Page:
Showing posts with label Vulcanized Rubber. Show all posts
Showing posts with label Vulcanized Rubber. Show all posts

Jun 5, 2015

Car Tire Colors

Car tires were initially off white, due to the natural color of the rubber used. Pure vulcanized rubber is soft and wears out very quickly and tends to heat up and deform under load. Tire makers mixed zinc oxide in with the rubber that added temperature stability and hardness, and which made the tires bright white in color.

As the benefits of adding carbon black to the compound became known, that additive was used just on the tread portion, while the side of the tire remained the natural color, the original whitewall tires. Adding carbon black made the tires darker, and they lasted four to five times longer.

Binney & Smith began selling their carbon black chemicals to Goodrich Tire Company (now Michelin). Binney & Smith would later switch to making school products, and, eventually, re-name their company after their most popular product, Crayola Crayons.

There are a few tire manufacturers that make specialty color tires, mostly for car shows, and during 1961, Goodyear Tires introduced an experimental tire that was illuminated from the inside. Small incandescent bulbs were mounted inside the tire through holes inside the rim and the tire was made from a single piece of synthetic rubber. The synthetic rubber was created much thinner than a regular tire to allow for the light to penetrate the rubber. Due to the strict laws regarding the manufacturing of street-legal tires and the obvious hazard of having fragile glass inside them, Goodyear’s illuminated tires never actually saw mass production.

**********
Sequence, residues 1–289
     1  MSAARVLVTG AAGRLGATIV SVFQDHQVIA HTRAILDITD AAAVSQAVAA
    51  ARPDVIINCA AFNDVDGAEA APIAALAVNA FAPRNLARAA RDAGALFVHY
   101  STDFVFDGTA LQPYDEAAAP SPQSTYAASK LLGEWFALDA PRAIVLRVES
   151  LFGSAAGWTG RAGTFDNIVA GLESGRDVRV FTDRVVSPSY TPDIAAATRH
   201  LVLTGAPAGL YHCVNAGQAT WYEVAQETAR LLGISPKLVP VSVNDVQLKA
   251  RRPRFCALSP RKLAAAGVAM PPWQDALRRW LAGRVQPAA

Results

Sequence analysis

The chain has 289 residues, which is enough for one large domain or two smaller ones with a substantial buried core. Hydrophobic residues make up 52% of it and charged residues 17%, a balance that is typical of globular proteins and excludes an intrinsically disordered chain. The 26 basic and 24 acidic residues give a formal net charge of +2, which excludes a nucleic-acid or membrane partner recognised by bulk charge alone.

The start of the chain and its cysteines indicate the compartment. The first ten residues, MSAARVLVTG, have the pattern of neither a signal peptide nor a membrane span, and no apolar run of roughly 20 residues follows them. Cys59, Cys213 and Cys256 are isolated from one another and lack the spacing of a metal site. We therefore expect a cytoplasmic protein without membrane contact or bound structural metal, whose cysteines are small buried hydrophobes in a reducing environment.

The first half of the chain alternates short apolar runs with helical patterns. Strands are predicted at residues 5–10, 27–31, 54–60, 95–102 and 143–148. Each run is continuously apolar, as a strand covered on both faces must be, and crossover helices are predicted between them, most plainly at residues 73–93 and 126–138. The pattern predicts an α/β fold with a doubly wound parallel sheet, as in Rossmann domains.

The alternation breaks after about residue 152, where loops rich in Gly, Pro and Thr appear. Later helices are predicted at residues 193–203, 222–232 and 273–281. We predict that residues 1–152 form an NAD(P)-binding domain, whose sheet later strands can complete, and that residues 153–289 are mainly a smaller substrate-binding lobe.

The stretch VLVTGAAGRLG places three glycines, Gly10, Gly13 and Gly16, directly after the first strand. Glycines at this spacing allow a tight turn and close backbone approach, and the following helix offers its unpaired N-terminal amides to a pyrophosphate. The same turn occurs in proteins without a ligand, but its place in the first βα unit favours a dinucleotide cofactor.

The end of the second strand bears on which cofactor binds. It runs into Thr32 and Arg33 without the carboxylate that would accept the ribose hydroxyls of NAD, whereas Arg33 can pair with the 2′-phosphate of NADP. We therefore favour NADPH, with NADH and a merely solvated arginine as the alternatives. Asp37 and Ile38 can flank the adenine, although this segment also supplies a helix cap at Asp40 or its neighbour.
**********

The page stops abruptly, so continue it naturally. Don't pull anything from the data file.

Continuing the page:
Feb 1, 2013

Happy Birthday Puck

The word “puck” was first recorded in the February 7, 1876 edition of the Montreal Gazette. The NHL regards this date as the hockey puck’s birthday, even though they were in use for decades before.

Early pucks were made from frozen cow dung. The first rubber pucks were made from lacrosse balls, which were sliced in thirds and only the middle third was used. Now they are constructed of vulcanized rubber.

Players are required to use frozen pucks to reduce bouncing and make them easier to control. These tend to thaw quickly and are replaced by officials on average of 12 per game. Don Rickles might have called people who started the NHL strike 'hockey pucks'.